The three email addresses of OpenID Connect (OIDC) in practice

December 16, 2023

One of the popular forms of web Single Sign On (SSO) systems is OpenID Connect (OIDC). OIDC has multiple components and is normally used with email addresses, or at least things that look like them, in the form of '<user>@<domain>'. Since there are multiple components, it's possible for components to not agree on these 'email addresses'. If you set up a proper OIDC Identity Provider using your proper email addresses, you probably won't have to worry about this, because everything will be handled by your proper software and likely fit together nicely. If you're quickly assembling a discount OIDC environment, you may wind up stumbling over this.

The first OIDC email address is the address that people will put into the 'your identity' box in whatever website wants to use OIDC authentication against your OIDC IdP. In normal OIDC usage, the domain part of this address will be used to do a WebFinger query, which will be expected to return information for OIDC Identity Provider discovery. Many OIDC applications probably also expect to be able to send email to these email addresses.

This means that if the email address you're using for OIDC is 'fred@test.example.org', there must be a 'test.example.org' HTTPS web server that answers WebFinger requests. If you want to use different OIDC IdPs with different web applications for some reason, you're going to need a different (sub)domain and a different virtual web server for each of them. Conversely, if you want to use 'fred@example.org' in an OIDC test, you need the 'example.org' web server to answer WebFinger requests for your test users.

(This need is one factor that may push you to using 'test.example.org' or things like it in your discount OIDC setup.)

The second OIDC email address is in the JSON that WebFinger is expected to return:

{
  "subject" : "acct:fred@test.example.org",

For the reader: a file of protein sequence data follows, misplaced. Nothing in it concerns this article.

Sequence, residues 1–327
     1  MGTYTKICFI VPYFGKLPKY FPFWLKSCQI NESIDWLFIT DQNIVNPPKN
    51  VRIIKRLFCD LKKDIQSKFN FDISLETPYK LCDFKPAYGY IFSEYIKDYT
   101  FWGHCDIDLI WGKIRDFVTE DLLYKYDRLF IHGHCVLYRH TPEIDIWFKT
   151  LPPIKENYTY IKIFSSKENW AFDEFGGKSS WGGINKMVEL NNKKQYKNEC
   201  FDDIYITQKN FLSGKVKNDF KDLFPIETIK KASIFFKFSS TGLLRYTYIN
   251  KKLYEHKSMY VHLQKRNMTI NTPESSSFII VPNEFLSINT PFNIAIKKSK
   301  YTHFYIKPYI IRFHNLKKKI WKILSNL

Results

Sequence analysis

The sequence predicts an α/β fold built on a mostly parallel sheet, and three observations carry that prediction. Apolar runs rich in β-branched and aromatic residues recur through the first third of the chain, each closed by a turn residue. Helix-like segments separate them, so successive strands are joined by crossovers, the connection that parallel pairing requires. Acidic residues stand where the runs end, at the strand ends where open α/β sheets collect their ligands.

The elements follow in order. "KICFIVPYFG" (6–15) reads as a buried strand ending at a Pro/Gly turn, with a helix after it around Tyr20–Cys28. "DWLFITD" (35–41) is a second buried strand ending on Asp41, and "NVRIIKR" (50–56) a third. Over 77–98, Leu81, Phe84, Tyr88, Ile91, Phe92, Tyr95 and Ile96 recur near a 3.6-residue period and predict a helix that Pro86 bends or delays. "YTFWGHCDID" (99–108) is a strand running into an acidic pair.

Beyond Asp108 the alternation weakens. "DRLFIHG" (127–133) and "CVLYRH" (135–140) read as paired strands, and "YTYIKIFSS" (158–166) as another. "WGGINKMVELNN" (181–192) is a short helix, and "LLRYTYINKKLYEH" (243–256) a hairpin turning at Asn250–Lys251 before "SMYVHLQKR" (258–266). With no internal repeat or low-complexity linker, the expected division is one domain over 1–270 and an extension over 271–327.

[...]
}

Some or many OIDC applications will expect the 'subject' field of this JSON to match the email address that the person entered, so they can be sure they're getting accurate OIDC IdP information for this account. If you accidentally make your discount WebFinger implementation return some other email address, you lose. This means you can't just return a single static WebFinger result for all (valid) users, since the OIDC 'email address' must be correct and it will be different for each person.

The third OIDC email address is in the information that your OIDC IdP will probably return (cf). How your OIDC IdP gets this information itself can vary, but if you're using LDAP, your IdP will probably try to get people's email addresses from that. If you've set up your IdP with its own LDAP server, you can give people whatever email domain you want them to have. However, if you're reusing your organization's normal LDAP server, it will probably tell you that people have their regular organizational email address, which is perhaps not 'fred@test.example.org'. Your OIDC IdP may or may not provide you a way to remap people's email addresses or manually set and override them.

(OIDC applications pretty much have to verify that the email address they got back from your OIDC IdP matches what you put in, because this is their protection against you claiming to be one person but authenticating to your OIDC IdP as another one.)

I'm writing this down because when I set up my discount OIDC environment I stubbed my toes on each of these additional two places. I first got the email addresses wrong in WebFinger results, and then in the OIDC IdP results (which were initially just taking the email address from our regular LDAP servers).

Written on 16 December 2023.
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Last modified: Sat Dec 16 22:12:10 2023
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